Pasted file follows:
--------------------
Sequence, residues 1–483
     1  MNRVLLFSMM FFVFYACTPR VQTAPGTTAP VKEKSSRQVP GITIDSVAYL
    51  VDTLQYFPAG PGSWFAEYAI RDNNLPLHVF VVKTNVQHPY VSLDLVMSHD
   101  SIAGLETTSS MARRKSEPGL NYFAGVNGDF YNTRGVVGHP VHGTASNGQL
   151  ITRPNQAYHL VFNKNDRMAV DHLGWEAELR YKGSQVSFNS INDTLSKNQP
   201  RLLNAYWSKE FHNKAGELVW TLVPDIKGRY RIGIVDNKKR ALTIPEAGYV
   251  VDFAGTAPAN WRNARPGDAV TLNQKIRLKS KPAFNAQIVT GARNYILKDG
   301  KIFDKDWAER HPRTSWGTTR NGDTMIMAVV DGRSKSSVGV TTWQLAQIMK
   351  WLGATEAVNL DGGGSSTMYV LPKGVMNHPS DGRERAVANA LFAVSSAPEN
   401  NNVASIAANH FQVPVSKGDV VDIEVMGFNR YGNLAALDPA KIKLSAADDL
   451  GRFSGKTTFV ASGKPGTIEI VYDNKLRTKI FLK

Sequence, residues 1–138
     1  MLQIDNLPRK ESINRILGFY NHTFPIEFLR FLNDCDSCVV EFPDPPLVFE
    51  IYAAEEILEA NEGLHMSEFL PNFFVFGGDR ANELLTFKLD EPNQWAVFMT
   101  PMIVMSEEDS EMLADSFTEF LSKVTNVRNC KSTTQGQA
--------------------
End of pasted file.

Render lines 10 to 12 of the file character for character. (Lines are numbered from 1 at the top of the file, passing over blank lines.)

   401  NNVASIAANH FQVPVSKGDV VDIEVMGFNR YGNLAALDPA KIKLSAADDL
   451  GRFSGKTTFV ASGKPGTIEI VYDNKLRTKI FLK

Sequence, residues 1–138